Fuel cell technology is hyped as a possible future power system for electric vehicles, but it's actually got a plethora of uses: The latest, and perhaps greatest, is a glucose cell for medical devices that could get its "fuel" from your body.
The innovation is coming from France's Joseph Fourier University, where they've been experimenting with the complex physics and chemistry needed to create a miniature glucose-powered electricity generating device. The goal was to make the device practical in terms of acquiring its fuel directly from a living body—where it also serves as a fuel, of course—and also in terms of generating enough electricity to power embedded medical devices like pacemakers.
The trick the scientists worked out was to build the cell's electrodes out of compressed graphite, which has been treated with enzymes that oxidize incoming glucose molecules, with a resulting release of electrical energy. Add in a plastic-based membrane that only permits glucose and oxygen to penetrate and some platinum wiring and what you get is the world's first successful glucose fuel cell that can harvest chemicals already present in a living organism. It's capable of putting out a peak power of 6.5 microwatts in its experimental implementation, which is not enough to power a typical pacemaker (which needs around 10 microwatts) but the team is confident that the tech can be optimized to achieve this power output.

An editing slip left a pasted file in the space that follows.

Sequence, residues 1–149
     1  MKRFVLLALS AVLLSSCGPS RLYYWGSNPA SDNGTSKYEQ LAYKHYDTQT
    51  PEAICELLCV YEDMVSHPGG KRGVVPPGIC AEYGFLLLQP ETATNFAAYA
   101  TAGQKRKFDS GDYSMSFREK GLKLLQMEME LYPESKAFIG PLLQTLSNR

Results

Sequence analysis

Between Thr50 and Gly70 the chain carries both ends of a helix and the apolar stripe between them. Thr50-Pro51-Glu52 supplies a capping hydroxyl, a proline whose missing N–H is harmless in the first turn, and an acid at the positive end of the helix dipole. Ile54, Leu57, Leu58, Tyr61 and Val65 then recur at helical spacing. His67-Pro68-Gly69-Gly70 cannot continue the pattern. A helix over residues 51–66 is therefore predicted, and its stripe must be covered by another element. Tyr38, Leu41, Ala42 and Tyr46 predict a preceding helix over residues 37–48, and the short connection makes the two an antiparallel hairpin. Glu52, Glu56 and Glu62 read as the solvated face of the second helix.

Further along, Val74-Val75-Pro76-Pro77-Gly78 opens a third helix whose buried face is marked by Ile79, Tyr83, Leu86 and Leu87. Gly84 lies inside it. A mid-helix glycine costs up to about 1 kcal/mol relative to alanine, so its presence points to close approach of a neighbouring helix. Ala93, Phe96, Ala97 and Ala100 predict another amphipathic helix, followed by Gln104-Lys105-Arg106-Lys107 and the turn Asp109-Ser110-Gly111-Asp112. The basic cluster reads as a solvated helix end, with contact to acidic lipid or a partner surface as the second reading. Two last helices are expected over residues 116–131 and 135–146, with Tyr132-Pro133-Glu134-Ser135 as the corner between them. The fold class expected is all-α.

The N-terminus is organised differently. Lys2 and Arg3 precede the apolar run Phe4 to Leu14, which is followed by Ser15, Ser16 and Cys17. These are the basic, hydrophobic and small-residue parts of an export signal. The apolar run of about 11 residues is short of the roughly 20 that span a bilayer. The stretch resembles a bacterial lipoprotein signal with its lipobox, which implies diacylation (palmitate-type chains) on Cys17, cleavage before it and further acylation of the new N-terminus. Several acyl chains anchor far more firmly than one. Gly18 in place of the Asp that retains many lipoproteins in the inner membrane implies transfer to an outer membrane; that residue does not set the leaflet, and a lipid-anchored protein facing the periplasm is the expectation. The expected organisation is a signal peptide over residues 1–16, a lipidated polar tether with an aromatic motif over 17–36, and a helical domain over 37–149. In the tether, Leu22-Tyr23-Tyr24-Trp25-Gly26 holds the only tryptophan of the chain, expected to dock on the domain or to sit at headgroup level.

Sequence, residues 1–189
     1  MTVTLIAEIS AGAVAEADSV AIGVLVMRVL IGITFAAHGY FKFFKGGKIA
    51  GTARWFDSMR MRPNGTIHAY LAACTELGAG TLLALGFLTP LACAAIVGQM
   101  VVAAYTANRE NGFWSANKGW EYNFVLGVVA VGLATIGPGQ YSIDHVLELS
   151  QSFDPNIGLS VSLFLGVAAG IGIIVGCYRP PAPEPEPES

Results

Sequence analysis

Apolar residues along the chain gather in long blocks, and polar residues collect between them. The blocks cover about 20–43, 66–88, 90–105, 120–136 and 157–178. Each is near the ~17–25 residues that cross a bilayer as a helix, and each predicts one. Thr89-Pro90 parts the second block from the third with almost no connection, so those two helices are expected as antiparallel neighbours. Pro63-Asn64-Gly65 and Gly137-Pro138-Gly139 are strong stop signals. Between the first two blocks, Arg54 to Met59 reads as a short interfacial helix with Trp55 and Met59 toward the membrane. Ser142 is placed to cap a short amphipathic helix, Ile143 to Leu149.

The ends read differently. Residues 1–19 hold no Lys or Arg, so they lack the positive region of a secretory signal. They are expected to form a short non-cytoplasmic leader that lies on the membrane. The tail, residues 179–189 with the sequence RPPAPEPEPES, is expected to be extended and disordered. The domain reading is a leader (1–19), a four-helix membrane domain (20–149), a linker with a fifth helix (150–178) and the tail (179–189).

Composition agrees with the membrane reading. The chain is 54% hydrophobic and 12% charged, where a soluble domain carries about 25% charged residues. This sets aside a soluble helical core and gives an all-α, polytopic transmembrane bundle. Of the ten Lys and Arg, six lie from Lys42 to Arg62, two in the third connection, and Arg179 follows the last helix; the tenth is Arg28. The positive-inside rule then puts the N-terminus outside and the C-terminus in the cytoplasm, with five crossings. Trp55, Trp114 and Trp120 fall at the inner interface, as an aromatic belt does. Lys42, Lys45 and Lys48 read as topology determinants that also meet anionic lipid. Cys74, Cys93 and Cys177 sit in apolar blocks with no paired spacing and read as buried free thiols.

So what's all the buzz about this device? Its potential is absolutely incredible for medical devices that are permanently implanted into patients' bodies—things like pacemakers at the moment, but potentially in the future including gizmos like insulin pumps or, just possibly, an artificial heart. In one stroke, this reduces the need for complex surgery to replace the conventional power cells inside these devices, with all sorts of health and lifestyle benefits of having a reliable self-fueling electricity supply—along with the undeniable cachet of turning its users into genuinely bionic people.